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Modernity: South Asia vs East Asia

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Earlier today, I was listening to a song and it got me thinking about music and what it can tell us about how countries modernize.

I enjoy listening to South Asian (Indian, but also Pakistani, etc.) music. One of the things that I enjoy the most about it is how good Indian music is at fusion. It mixes a number of classical Indian genres with Islamic genres and Western genres and blends them together in an extremely harmonious fashion.  The song above is a good demonstration of this. It is both clearly modern and clearly directly derived from Indian traditional music as well.

Of course, Indian music has been doing this for a while, so it ought to be good at fusion, but Indian culture is not the only Asian culture in the last century that has been significantly impacted by Western music. There are some movements in the West and East Asia that try to do this, but this it not the norm. For music that does a good job of fusing traditional and modern sounds, consider the Japanese group Rin’ and Loreena Mckennit, one of my favorite Western artists.  The point I wish to bring up is the fact that when it comes to East Asian music (Chinese, Korean, Japanese), I’ve notice that the music is either traditional and based on the classical music of those cultures or modern, which is music almost completely copied off of Western pop and rock models without any native influence except for the fact that the language of the lyrics is still Chinese/Korean/Japanese. I generalize of course.

This is indicative of a fact that I and many others have observed about East Asia, though it is a difficult phenomenon to describe because of its complexity and subtlety. The way East Asia has modernized is very different from South Asia’s way. For East Asians, that past is a tradition that is in many ways finished. That ancient era being over, it can lie serene in the past, while a new era was to be built on top of it, based primarily on Western technology. But since the past was shelved, often inevitably, culture was also shelved and Western culture came with Western technology. If you observe a wedding in China or Japan, you will find the brides wearing a Western style white gown getting married in a pseudo-Christian ceremony. This is not to say that Japanese or Chinese culture is no longer distinct from the West. The differences are vast. But the way they adopted to modernity by taking on the entity of the West as a layer that often obscured their original cultures, though their social and family patterns (and food) are still clearly Asian.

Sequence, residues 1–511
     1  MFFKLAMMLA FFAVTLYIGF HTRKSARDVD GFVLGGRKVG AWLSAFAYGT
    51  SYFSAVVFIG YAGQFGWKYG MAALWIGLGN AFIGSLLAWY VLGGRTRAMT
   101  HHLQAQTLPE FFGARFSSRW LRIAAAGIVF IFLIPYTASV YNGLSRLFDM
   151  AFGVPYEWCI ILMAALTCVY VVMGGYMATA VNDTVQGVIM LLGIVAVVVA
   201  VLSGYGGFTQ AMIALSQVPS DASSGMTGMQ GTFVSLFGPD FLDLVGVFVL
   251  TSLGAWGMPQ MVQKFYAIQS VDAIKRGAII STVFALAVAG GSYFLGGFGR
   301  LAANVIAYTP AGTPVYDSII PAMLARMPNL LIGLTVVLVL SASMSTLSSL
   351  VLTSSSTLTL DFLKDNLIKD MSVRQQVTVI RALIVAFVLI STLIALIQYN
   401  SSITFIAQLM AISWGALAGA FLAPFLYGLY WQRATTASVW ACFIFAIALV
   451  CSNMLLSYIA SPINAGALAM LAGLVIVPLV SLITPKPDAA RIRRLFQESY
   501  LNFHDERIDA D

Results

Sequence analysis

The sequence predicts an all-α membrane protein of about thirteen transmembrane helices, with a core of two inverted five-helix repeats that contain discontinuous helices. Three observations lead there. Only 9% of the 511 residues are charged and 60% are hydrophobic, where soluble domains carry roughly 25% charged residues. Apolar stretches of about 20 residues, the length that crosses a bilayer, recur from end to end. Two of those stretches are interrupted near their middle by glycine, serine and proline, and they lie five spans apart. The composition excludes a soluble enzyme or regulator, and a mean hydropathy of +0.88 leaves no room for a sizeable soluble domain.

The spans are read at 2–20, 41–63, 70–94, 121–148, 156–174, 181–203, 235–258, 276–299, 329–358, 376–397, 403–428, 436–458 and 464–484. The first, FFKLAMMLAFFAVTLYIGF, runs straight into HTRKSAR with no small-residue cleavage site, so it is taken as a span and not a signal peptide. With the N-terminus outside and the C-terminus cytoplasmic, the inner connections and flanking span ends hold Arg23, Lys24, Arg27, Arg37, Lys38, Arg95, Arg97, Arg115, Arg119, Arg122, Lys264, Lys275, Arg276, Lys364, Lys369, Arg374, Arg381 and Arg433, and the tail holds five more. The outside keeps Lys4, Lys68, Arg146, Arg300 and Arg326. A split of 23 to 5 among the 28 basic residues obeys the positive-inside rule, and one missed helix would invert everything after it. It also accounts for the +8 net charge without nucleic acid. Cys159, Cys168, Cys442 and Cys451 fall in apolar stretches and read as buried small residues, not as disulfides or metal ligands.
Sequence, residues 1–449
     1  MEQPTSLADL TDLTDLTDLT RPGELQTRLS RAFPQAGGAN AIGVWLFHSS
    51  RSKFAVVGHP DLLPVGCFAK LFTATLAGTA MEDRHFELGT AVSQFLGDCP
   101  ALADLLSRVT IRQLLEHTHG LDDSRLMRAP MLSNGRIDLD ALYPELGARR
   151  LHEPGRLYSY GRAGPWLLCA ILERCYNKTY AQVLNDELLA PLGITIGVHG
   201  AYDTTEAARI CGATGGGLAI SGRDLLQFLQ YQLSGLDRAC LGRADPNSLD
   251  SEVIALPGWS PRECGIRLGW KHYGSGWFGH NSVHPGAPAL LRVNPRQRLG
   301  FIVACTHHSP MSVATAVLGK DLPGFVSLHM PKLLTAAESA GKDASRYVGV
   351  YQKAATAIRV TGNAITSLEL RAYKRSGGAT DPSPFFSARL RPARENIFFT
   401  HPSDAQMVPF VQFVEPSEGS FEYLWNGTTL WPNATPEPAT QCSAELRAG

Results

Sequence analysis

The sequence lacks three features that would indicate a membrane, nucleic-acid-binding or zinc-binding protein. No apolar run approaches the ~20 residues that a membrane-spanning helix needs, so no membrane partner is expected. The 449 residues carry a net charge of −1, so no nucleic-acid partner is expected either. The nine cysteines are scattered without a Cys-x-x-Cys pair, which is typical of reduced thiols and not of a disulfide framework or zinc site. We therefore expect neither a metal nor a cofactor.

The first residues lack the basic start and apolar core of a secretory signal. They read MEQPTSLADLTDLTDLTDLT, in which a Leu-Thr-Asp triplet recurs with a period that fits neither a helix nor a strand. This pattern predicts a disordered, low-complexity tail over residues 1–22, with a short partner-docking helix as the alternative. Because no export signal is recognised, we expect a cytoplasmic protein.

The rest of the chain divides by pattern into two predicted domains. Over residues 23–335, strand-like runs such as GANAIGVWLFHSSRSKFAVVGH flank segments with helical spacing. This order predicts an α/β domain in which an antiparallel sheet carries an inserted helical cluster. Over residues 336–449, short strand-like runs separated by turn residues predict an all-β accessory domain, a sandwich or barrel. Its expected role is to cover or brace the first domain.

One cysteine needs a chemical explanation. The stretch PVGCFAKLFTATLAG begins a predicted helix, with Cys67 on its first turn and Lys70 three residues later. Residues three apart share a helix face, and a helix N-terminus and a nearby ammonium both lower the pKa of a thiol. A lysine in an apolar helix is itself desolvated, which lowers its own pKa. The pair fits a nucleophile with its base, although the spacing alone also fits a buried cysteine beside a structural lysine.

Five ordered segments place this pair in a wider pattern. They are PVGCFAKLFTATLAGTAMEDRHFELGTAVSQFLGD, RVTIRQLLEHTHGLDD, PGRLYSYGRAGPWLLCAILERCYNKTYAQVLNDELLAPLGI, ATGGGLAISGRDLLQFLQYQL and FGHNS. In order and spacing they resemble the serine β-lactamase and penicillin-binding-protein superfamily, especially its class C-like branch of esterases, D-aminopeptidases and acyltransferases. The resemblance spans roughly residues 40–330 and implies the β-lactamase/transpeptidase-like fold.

But even the most modern Indian or Pakistani couple will wear traditional clothing to their wedding. For South Asians (and also the people of the Middle East if they decide to fully commit to the path of modernity), the past is not a tradition which ended to be followed by a new tradition based on Western modernity. Rather it is a living tradition that has merged with both cultural and technological modernism from the West.

The best way to explain this phenomenon is to understand that East Asians and South Asians have two different conceptions of time.  To borrow terminology used by the magazine, “The Globalist,” the two types of time are:

1. Homogeneous (Sequential)

2. Heterogeneous  

Homogeneous time is associated with East Asian way to modernity.

There was the assumption that time was homogeneous. Either one was modern, or one was what came before. So one doubled: one put on a Western suit and was modern or one wore a kimono and was traditional, but one could not dress in a kimono and be modern.

On the other hand, heterogeneous time can be found in India

A [traditionally dressed man] at a cash machine is entirely a participant, just as he is, in the entity known as modern India. To find cognitive dissonance with an ox-cart on an expressway may do [in the West] but there is nothing dissonant about it to the Indian sensibility.

Of course these attitudes are not etched in stone. There is no doubt that Indians will be seduced by a Western, materialist, consumer economy and give up some of their old attitude while East Asians may bring back some of the older aspects of their culture due to mounting nostalgia.  But for the moment, this is the reason that India has never felt the the angst caused by loss of culture felt by other cultures that modernized. Russian and Japanese literature is full of such angst. How did India manage this feat? The Indian social system has been remarkably persistent in perpetuating itself  spontaneously without any government or cultural body to nudge it because people in India just have a habit of “doing their thing.” This means India is able to have several centuries exist within its boundaries simultaneously. Although, in terms of the arts and people’s existential ability to make sense of the world, this is a good thing, this also means economic and social development proceeds slowly.

So here we have it. Two Asian methods of modernization. Replicating the West and Adapting the West.

So why are their notions of time different anyway? It probably has to do with their traditional conception of time. India’s conception of time is eternal and cyclical where everything happens at once while China’s version of time is more tethered to the events of its dynastic cycle. India’s history is metaphysical while China’s is based on historical events. This topic is worthy of further elaboration at a certain point.


Written by Akhipill

December 18, 2012 at 12:41 AM

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